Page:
SCENARIO 6: MIGRATION – Coming Soon


 
At long last, we are getting ready to release SCENARIO 6: MIGRATION later this month. Since we put out the call for submissions just over a year ago, a cascade of current events around the world has prompted us to reassess the theme and reinforced for us the timeliness and urgency of this topic. From the U.S. election to a profoundly changed political climate in Europe, to increasingly visible changes in natural systems facing the early effects of climate change, migration is all around us. The topic is a complicated one, and there were some elements and perspectives on Migration that we were keen to include in the issue. We felt we needed more time to properly address the breadth and urgency of the topic of migration. We are excited to be putting the finishing touches on this issue as we speak and think you will enjoy it. Stay tuned!

In the meantime, let us share with you some of the stories from around the internet that we are reading, watching, and listening to, all of them reverberating in one way or another around the many facets of the topic of migration–of people, of animals, of materials, of landscapes. Enjoy!

 
What we’re reading:

This stunning and brutal account of human trafficking and Nigerian girls risking everything to make their way across the deserts of Libya to reach Europe. Fleeing Boko Haram. Probably not what architects mean when they talk about adaptive reuse. Photographer Richard Mosse talks about repurposing a camera made for long-range battle surveillance to show humanity in refugee camps. Forensic anthropologists document the human tragedy of immigration through the remains of 550 bodies found in a single county in South Texas. Trump’s wall may also impact thousands of plant and animal species. Saltwater migration is already killing coastal forests at the leading edge of climate change.

The planning and construction of detention centers in rural areas effectively robs detainees of their right to an attorney. How Washington blew its best chance to fix immigration years ago. On those days when America seems heartless, know that this small town welcomes 1,500 refugees a year. While Americans envy the generosity of kinder Presidents, some Canadians doubt the #WelcomeToCanada campaign. Trump’s Paris climate agreement speech, annotated by an expert in energy and foreign policy. Why scientists are bad at explaining climate change.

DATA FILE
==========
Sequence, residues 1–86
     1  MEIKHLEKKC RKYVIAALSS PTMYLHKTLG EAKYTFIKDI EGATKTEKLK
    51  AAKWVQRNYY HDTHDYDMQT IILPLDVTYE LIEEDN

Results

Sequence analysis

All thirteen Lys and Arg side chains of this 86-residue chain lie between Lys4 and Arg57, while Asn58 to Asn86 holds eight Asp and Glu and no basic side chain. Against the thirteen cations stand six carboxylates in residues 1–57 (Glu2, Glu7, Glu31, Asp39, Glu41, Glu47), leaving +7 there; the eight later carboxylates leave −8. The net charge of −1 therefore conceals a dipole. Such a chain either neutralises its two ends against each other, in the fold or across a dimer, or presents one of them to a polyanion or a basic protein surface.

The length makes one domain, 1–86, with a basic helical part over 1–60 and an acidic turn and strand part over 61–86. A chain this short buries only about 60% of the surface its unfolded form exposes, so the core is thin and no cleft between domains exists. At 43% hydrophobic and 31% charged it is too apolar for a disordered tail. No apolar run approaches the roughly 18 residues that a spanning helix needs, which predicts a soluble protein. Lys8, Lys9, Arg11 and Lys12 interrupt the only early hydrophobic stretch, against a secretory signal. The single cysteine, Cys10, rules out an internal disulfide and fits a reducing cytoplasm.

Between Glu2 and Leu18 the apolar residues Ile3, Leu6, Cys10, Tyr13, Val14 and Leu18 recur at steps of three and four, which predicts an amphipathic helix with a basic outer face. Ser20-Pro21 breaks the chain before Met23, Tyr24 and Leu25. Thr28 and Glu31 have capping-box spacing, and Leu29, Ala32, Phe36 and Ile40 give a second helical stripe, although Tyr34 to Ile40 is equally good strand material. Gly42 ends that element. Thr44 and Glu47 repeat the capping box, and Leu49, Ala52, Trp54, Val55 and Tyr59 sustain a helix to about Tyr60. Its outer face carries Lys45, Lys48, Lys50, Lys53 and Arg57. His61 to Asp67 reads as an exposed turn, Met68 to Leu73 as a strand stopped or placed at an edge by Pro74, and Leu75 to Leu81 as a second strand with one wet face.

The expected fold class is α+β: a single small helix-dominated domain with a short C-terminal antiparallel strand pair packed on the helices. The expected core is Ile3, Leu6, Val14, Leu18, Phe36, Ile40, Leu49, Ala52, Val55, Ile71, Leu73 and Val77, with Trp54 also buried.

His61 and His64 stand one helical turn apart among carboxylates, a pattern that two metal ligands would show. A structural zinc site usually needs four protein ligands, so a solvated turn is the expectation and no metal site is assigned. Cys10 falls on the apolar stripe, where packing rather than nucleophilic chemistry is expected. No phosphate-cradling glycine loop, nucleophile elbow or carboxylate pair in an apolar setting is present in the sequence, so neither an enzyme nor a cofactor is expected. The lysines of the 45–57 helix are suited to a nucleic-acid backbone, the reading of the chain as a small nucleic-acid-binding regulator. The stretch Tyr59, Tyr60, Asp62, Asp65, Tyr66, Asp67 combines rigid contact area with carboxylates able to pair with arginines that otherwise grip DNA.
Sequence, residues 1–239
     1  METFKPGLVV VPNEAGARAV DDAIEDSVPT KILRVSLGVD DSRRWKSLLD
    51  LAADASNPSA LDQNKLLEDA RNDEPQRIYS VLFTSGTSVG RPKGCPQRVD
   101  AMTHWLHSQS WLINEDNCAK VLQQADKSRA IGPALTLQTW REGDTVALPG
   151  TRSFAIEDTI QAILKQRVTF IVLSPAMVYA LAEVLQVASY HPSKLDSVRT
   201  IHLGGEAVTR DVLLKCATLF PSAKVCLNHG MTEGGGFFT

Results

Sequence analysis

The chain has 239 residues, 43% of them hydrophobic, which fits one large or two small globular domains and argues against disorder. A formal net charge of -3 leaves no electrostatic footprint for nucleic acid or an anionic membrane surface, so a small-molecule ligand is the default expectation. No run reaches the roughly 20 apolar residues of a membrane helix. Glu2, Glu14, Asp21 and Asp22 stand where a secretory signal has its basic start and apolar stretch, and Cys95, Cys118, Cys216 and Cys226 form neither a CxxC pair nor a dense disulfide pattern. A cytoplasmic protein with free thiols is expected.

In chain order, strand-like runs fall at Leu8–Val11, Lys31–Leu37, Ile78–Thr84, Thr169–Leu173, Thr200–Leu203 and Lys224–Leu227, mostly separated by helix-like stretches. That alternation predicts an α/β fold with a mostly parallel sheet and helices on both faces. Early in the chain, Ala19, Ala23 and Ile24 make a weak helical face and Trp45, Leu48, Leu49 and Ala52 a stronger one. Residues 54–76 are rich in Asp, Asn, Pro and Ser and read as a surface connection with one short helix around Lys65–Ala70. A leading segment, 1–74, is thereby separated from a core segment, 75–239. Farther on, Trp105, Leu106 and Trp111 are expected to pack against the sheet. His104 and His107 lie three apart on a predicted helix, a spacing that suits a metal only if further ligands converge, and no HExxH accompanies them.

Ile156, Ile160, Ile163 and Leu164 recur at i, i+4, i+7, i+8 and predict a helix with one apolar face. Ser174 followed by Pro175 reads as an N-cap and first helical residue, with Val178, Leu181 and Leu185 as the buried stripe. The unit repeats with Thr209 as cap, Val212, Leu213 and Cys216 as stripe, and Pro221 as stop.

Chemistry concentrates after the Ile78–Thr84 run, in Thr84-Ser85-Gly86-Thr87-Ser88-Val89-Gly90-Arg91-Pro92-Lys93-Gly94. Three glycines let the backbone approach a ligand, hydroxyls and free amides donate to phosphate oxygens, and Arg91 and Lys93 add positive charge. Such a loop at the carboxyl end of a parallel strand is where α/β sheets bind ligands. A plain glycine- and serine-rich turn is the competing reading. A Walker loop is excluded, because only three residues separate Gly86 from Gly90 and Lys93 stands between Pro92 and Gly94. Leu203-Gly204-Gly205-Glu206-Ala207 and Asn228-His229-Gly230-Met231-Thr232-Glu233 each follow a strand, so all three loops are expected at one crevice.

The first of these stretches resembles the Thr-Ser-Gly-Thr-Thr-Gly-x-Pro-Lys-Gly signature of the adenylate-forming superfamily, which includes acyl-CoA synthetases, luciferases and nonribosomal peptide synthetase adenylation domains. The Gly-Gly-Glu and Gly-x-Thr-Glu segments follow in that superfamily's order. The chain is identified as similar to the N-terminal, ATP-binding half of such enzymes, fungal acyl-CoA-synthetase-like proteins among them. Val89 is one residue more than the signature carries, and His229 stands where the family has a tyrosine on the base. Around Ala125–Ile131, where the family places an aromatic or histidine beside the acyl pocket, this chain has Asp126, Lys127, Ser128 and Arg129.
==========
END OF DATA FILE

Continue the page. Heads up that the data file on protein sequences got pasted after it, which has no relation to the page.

Immigration is changing languages and people are modulating how they use the term migration. Globalization and industrial agriculture have created an unprecedented microbial migration. Pronghorn antelopes learn to use highway overpasses on the first federally designated migration corridor in North America, while the Department of Transportation wonders if grizzlies, fish, and monarch butterflies may benefit from highways. Tracing human migration through music and nocturnal bird flight through acoustic monitoring. And in Somalia where nomadic tribes migrate in search of water and pasture, climate change is acting as the catalyst of conflict and displacement.

 

What we’re listening to:

The language of human migration is ever-shifting and political: migrant, immigrant, asylum-seeker, and refugee. The journey of an unaccompanied minor from Honduras to the United States. 99% Invisible’s excellent two-part series on the history of Sanctuary Cities.

 

Happy exploring,
 
Stephanie Carlisle and Nicholas Pevzner
Editors-in-Chief // Scenario Journal

 

Image credit:  An aerial view of Za’atri refugee camp, Jordan. Photo by United Nations Photo.

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